• I did a terrible job of connecting with the community this year. This was due in part to the fact our group was staying a little farther off-campus in a house that had all the amenities you could wish for on a vacation, including a large, partially covered outdoor patio with a swimming pool, hot tub, foosball table, pool table, gaming center, dartboard, and bar. 
  • Hodor (Kristian Nairn) can spin. I haven't really given EDM much of a chance, purely personal preference. But it was a lot of fun hearing and seeing live. Songhammer is Songhammer. Consistent fellas, even if the gig is getting a little old. Weird Al was a pleasant surprise, but Foo Fighters still remains as the only Blizzcon concert I saw through completely. A buddy and I opted to try out the Diablo Necromancer because we knew there'd be little to no line and we heard everyone who tested got a commemorative token.
  • I had an incredibly awkward experience on the flight home. Ask me about it sometime.   

One inevitable effect from Blizzcon is having the desire to play other Blizzard games, at least for me. I'd sort of cooled on Overwatch during the lead up to Legion. I didn't have too many friends playing and I was busy getting all of my toons to level 100 in Warcraft. Seeing all of the Overwatch at Blizzcon lulled me back into the game. I've also found more friends to play with in the mean time, which makes the game more enjoyable on multiple levels. I'm not a fan of the shooter genre, but I'm a big fan of this game. 

Heroes of the Storm
While I didn't need any extra urging to jump back into Heroes of the Storm post-Blizzcon, the Nexus Challenge makes it extra worthwhile. Though it's seemingly a ploy to get Overwatch players to check out Heroes, I and many friends have taken advantage of the promotion. Now that I've played my 30 games I've opted to take it easy and devote non-WoW game time to Overwatch, but you can be sure I'll be making regular appearances in the Nexus.

After those last two paragraphs I must say, damn, Blizzard makes good games. I like knowing that when life gets too busy for WoW, or even when WoW is no more, I won't have to look far for my gaming entertainment.

Tuesday, October 25, 2016

It's a Small World (of Warcraft)

Who likes an unrelated header? Yes you do! Yes you do!
I don't know the best way to frame this, so I'll start with what I'd normally tack on at the end: have you discovered any interesting real-world connections with players you've found in game? I'm not talking about finding someone who's favorite food is also beets, or someone who doesn't enjoy both Star Trek and Star Wars. This is more from a six degrees of separation standpoint.

I've got two.

Three years ago I'd just joined the guild I'm currently in, along with a couple of friends. We aimed to have more organized PvE-opportunities and it was proving to be difficult with just the three of us on a server that was better known for its PvP activity. Contrary to the server's motto "where PvE comes to die," we were able to recruit enough people to field a raid.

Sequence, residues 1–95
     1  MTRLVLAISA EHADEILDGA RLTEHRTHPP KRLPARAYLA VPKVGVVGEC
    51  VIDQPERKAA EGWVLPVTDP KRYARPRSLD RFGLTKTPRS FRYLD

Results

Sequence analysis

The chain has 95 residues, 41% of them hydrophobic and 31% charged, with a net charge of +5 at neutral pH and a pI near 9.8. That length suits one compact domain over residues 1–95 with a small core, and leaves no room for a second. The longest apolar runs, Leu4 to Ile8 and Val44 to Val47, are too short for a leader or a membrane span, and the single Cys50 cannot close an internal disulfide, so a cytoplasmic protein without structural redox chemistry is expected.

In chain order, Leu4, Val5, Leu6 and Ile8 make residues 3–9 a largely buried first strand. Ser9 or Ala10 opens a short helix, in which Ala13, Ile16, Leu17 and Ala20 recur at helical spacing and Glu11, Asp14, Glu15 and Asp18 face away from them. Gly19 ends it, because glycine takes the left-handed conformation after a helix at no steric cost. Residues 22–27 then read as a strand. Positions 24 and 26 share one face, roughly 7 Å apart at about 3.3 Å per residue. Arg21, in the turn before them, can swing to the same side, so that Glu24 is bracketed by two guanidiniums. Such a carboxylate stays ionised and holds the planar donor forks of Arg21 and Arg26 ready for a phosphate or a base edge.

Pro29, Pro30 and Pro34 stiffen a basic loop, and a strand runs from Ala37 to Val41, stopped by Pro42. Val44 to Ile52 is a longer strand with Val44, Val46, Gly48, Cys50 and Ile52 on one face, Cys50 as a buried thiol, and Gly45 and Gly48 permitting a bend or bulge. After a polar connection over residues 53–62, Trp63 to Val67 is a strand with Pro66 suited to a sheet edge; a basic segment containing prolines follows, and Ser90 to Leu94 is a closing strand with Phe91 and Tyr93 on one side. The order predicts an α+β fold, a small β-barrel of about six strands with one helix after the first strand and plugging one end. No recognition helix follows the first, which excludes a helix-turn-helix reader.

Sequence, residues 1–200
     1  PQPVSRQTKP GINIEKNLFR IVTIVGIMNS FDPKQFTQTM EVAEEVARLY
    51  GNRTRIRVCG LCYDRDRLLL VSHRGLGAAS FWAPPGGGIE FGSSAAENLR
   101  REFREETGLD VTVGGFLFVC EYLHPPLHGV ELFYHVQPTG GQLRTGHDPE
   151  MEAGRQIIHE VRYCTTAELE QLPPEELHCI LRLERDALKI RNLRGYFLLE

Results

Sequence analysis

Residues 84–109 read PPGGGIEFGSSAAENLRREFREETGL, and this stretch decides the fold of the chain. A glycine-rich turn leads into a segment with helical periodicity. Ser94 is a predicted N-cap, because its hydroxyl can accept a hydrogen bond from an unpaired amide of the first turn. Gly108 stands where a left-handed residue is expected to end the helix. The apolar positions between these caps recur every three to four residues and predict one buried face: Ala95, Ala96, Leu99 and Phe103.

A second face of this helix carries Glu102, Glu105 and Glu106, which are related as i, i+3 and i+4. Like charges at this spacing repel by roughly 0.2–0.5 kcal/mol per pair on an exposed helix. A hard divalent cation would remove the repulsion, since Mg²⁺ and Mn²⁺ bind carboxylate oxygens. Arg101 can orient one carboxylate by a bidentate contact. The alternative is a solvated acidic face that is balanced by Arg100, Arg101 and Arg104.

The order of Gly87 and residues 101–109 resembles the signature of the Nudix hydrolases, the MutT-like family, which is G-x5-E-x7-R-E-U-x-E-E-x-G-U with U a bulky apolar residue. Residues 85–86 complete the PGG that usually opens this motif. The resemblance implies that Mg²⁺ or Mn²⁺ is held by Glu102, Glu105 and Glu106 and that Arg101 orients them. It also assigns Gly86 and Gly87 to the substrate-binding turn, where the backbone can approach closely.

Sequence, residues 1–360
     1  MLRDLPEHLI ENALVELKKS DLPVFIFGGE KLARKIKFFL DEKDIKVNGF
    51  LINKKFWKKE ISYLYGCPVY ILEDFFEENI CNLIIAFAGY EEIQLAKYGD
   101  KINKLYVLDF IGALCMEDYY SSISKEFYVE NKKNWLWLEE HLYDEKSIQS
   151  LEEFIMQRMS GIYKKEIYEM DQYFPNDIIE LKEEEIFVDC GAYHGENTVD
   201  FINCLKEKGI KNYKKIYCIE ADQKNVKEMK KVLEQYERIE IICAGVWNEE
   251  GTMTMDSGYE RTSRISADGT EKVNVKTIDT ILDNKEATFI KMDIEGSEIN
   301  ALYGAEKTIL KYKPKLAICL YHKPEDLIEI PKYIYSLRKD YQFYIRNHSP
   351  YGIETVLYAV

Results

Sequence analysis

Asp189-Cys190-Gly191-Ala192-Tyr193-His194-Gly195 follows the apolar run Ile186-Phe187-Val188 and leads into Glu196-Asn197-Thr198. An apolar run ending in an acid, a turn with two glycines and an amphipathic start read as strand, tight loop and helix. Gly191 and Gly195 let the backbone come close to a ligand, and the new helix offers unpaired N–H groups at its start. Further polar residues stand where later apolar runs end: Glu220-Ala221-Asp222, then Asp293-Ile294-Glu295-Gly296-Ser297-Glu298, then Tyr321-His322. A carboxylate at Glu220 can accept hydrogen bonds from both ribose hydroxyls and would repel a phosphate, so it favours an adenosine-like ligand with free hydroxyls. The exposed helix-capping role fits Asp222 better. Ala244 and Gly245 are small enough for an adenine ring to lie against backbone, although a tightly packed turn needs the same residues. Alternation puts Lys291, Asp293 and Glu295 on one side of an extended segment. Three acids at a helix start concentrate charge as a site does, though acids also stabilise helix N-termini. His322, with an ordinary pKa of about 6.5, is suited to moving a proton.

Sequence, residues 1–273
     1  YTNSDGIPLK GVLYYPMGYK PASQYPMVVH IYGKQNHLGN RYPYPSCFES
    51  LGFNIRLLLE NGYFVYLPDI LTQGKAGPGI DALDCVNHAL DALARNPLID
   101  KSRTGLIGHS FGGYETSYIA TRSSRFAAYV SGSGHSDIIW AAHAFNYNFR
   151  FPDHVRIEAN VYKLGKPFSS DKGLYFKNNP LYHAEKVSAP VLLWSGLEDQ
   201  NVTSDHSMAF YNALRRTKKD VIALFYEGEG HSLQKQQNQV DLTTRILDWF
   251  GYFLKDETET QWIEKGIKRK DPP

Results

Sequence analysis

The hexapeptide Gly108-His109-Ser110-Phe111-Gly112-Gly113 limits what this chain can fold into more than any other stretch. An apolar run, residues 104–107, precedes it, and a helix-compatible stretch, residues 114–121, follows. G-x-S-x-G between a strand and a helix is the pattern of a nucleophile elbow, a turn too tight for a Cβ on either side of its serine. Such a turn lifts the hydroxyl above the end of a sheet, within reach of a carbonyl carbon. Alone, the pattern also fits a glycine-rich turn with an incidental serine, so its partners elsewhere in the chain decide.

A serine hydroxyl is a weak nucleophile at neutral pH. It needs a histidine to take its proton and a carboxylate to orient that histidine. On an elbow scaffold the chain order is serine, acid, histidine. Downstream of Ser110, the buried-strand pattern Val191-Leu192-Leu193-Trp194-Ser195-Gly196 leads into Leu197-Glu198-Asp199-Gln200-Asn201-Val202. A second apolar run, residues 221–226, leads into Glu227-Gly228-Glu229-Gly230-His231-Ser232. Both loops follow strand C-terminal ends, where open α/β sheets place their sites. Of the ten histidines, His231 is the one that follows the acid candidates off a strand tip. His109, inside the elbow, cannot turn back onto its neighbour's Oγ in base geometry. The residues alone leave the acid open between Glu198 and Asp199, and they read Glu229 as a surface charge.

One of these recruits had been on the server for a number of years---much longer than I. I'll call him Bobby. One night, several of us were chatting in Mumble and we got to talking about where we were all located. When I said where I was from, Bobby said he knew people from my city. Now, I live in medium-sized city in Wisconsin, and unless you've been here or know someone from here, you've likely never heard of it. So the info was a bit of a surprise. Turns out, he had been playing with some guys I'd known for several years, guys I'd met via the local music scene. Small world, right? It gets weirder.

Right around the same time that I merged with this guild, I landed a new job. If this detail seems out of place right now, it won't in a minute. The job was open because the previous web manager left for greener pastures (#russ).

Last June, a group including myself, Bobby, and nine other guild members got together in Colorado for our annual meetup. The topic of Bobby's connection to my city came up again. After a short while, we learned the connection was even weirder: the web manager who I replaced was in fact one of his best friends in-game. She'd actually come on a couple of our early raids when we were short on people.

Little did I know, on the mornings after those nights, I'd wake up and go to work only to sit in her former chair!

Now, the second one, this one happening more recently.

We received an application from an interested member. Given the type of guild we are, we like to get a sense of the person as well as the player, so we ask questions that provide the opportunity to do so. This applicant was pretty involved in the NYC music scene as an educator/mentor/engineer. He volunteered a healthy dose of information about himself, enough for Google to do the rest---it wasn't creepy I swear, he wasn't freaked out.